By Paris Wolfe, Blogmaster, The Herb Society of America
What began as a small herbal business to supply quality herbs to students at the California School of Herbal Studies in the late 1980s — Mountain Rose Herbs — is now a top supplier of herb and herb-related materials . The Oregon business has 180 employees and is a business member of The Herb Society of America.
We recently gathered information to introduce the supplier.
Q. What is Mountain Rose Herbs?
A. Mountain Rose Herbs makes and distributes sustainably harvested, organic, herbs, spices, and botanical products. We are a mail order company and ship directly to our customers who include home herbalists, natural food stores, restaurants, breweries, and food manufacturers.
Q. What are the product categories?
A. We have four general categories: health and wellness, culinary, body care, and DIY supplies. More specifically – herbs, spices, resins, seaweeds, teas, essential oils, aroma sprays, hydrosols, butters, oils, clays, waxes, tinctures, capsules, salves, glass bottles, tins, plastic containers, kitchen tools, pet supplies, merchandise, and books.
Q. What’s the most popular product or product category?
A. Herbs and essential oils are top sellers. Top-selling herbs include nettle, rosebuds, elderberries, marshmallow leaf, damiana leaf to name a few. Lavender and eucalyptus are top essential oil sellers.
Q. What’s the most unusual product?
A. Probably Soap Nuts, which are actually the husk of a Chinese soapberry. Found in both eastern and western hemispheres, they are native to India and Nepal. Soap nuts have recently become a popular alternative to chemical detergent, and are a gentle option for those with allergies to chemicals in regular detergents. Soap nuts contain saponin, a natural detergent. The soap nut shell absorbs water and releases the saponins which circulate as a natural surfactant in the wash water, freeing dirt, grime, and oils from clothing. There is considerable discussion as to what variety of Soap Nuts is preferable for use as a laundry soap alternative. Any Soap Nut from the genus Sapindus will work just fine as they all have Saponin producing properties, hence the genus name Sapindus.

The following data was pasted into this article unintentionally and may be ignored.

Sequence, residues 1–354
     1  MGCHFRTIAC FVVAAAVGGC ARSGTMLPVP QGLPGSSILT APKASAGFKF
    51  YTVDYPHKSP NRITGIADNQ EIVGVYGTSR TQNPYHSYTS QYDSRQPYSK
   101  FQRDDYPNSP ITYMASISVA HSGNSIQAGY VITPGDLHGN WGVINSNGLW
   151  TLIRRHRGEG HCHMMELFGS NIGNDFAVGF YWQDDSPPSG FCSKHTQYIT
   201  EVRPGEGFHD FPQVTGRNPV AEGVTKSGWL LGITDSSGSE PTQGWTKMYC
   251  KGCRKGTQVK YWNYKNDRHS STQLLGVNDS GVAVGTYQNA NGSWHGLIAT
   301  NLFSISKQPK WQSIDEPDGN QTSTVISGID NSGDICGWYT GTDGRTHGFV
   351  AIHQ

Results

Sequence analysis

Just a few nuts (4 to 6) in a cotton muslin bag should work for an entire load. There will be little or no bubbles during the wash cycle, and it will smell lightly similar to apple cider. They can be used several times and then composted afterwards. They will look mushy and grey when they need to be changed. They can also be used in a powder form as a cleansing cream by adding a small amount of water
Herb Society of America members get a 20% discount on purchases. Members need to go to the HSA Website Members-Only section to get the discount. To join HSA visit herbsociety.org.